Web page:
Inflation and the Holding Company Threat

4 minute
Money and market inflation

The market environment remains challenging given sharply higher benchmark rates and continued uncertainty around credit spreads. Transactions are moving through the process but each one feels like a new adventure. The past two weeks have been relatively quiet on the new issue front. Next week brings several significant transactions across the taxable and tax-exempt markets, which should offer guidance on where we stand.


1 Year

5 Year

10 Year

30 Year

 April 22 – Treasury





v. April 8





April 22 – MMD*





v. April 8





April 22 – MMD/UST





v. April 8





*Note: MMD assumes 5.00% coupon

SIFMA reset this week at 0.46%, which is approximately 65% of 1-Month LIBOR and represents a -1 basis point adjustment versus the April 6 reset.

The Complexity of 2022 Inflation

Inflation chatter abounds. One cohort of experts thinks it will start to dissipate in the relatively near future; another thinks it will be in place for the next several years; yet another thinks the Fed can engineer a soft landing by taming inflation without bringing on a recession; a fourth cohort thinks the Fed will need to raise rates so significantly that recession and unemployment are inevitable; and on it all goes. Like everyone, I have opinions but no certitude about what happens from here. What I am certain of is that this latest dislocation—inflation and the Fed’s response—is pushing the same crisis-response buttons that lead to fragmented management across the operating, financing, and investing activities of healthcare organizations.

  • Investing Activity: Turbulence across the investing markets is transforming what has been the anchor of resiliency over the past two years into a risk factor. The focus has been shifting to strategies that offer the prospect of better performance against the Fed’s tightening regime, with the persistent question being whether and how to rebalance the relationship between liquidity, risk, and return.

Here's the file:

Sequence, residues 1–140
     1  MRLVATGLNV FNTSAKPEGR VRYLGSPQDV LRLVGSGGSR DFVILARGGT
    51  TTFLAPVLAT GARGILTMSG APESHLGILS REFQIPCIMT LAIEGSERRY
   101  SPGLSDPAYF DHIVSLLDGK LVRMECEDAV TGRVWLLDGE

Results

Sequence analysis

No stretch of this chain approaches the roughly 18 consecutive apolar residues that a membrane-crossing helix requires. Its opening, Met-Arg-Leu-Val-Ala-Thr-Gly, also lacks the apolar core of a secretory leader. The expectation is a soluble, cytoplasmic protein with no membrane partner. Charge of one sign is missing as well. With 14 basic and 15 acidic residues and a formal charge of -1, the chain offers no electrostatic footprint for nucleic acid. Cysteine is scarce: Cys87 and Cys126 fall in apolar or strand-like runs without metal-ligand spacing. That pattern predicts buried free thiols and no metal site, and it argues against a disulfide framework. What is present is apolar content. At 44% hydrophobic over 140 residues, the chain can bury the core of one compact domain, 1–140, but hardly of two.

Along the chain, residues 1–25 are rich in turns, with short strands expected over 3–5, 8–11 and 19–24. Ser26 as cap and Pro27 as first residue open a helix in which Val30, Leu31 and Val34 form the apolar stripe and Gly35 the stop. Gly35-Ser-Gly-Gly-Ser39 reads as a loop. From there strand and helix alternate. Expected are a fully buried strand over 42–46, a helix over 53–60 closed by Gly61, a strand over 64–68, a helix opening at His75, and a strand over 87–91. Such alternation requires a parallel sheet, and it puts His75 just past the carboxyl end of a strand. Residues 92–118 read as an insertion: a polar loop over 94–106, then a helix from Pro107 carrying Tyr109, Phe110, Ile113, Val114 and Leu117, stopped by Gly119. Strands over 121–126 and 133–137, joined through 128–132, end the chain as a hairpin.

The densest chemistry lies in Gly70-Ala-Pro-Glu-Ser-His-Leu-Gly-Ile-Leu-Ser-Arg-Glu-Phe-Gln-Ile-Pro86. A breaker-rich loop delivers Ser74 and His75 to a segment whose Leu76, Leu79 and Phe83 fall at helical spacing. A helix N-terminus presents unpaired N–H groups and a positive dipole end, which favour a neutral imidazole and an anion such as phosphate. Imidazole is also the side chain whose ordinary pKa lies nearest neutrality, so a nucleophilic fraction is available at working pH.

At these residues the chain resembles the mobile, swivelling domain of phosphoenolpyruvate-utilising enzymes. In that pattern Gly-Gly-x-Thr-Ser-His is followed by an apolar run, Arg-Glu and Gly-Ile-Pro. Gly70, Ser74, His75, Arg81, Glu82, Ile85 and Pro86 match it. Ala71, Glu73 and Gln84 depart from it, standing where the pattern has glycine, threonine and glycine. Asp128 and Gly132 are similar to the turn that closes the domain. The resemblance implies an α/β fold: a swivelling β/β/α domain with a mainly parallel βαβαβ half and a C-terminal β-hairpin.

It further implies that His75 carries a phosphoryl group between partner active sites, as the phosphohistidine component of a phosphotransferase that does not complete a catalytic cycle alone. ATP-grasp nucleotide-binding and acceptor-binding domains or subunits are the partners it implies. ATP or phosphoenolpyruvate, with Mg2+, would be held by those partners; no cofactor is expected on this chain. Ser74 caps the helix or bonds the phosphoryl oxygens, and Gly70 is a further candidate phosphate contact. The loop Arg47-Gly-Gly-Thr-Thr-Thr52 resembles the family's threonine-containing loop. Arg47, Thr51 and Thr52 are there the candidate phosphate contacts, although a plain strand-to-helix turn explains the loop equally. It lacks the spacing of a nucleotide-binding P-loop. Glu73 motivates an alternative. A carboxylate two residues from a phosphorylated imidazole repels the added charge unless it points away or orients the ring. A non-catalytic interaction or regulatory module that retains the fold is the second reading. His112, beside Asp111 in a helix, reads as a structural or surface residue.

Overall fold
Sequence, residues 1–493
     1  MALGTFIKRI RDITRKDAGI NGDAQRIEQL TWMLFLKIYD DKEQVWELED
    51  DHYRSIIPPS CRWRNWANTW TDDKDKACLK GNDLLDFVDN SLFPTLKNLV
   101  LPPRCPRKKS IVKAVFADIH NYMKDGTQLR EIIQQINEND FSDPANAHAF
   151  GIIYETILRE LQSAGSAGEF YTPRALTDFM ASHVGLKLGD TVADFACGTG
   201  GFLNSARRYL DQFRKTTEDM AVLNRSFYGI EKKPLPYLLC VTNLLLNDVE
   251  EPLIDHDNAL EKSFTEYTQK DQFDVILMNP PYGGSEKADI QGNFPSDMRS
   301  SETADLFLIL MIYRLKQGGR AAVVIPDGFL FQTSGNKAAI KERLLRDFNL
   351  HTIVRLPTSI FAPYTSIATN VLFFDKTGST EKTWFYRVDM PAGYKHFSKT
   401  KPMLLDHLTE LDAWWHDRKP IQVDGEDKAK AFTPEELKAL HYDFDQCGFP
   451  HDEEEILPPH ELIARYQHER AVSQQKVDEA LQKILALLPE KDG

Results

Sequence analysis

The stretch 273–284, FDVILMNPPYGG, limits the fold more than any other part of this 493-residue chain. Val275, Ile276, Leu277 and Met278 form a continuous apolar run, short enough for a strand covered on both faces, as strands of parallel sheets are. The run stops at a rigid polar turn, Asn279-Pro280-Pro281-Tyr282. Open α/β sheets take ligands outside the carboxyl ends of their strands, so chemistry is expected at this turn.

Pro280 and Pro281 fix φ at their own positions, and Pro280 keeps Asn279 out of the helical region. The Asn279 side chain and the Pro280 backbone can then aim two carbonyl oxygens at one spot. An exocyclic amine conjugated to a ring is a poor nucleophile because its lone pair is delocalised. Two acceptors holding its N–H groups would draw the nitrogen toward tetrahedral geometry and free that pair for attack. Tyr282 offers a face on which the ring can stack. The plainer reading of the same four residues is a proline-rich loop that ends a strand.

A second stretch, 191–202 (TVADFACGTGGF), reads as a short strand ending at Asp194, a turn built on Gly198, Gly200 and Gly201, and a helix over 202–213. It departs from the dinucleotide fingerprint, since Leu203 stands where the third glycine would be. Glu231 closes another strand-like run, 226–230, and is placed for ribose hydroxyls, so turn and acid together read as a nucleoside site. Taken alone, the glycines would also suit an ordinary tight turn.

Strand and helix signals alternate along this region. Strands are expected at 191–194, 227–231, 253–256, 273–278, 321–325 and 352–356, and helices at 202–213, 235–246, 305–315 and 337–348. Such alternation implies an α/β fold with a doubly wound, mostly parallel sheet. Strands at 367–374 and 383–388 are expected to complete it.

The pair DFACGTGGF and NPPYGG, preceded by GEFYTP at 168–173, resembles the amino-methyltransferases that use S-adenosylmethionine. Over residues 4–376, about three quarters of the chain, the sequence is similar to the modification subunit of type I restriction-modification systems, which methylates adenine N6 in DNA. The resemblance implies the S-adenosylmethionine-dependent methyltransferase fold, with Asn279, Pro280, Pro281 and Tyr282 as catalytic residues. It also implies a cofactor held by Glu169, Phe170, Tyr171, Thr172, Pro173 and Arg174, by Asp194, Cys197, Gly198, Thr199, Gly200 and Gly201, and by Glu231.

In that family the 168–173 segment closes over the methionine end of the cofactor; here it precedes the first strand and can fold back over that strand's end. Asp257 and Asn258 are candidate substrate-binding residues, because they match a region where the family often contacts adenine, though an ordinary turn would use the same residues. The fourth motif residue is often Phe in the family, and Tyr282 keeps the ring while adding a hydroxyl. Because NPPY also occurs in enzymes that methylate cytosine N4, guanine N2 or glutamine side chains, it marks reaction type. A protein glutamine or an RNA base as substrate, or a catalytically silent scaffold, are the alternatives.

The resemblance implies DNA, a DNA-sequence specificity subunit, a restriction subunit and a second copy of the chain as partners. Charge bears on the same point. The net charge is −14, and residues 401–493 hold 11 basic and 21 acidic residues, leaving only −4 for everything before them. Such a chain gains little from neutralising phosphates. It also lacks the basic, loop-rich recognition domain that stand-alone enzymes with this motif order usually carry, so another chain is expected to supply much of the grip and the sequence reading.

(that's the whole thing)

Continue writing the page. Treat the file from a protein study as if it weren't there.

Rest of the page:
• Financing Activity: The market is responding to inflation and the Fed’s response by pushing rates higher, increasing the cost of borrowing and leading many finance teams to consider the use of capital structure risk products like floating rate or put bonds. The question they are wrestling with is whether it is time to start deploying risk capacity in hopes of avoiding or deferring the increasing risk transfer premium associated with issuing long duration fixed.
  • Operating Activity: The turbulence across healthcare operations has little to do with inflation and the Fed’s response and everything to do with the carryover of COVID-sourced dislocations. For most organizations volume has not returned to pre-COVID norms, which results in continuing revenue headwinds. Alongside this have been material disruptions across the labor markets, and especially within the nursing subset. These revenue and expense pressures are not the result of inflation and are not likely to be fundamentally impacted by the Fed’s initiatives; these are structural business model issues the Fed isn’t positioned to solve. Nevertheless, the Fed’s actions might impact these issues at the margins, with potentially different healthcare outcomes if the Fed achieves its intended goal of a managed growth deceleration versus what might happen if we head into a full-blown recession.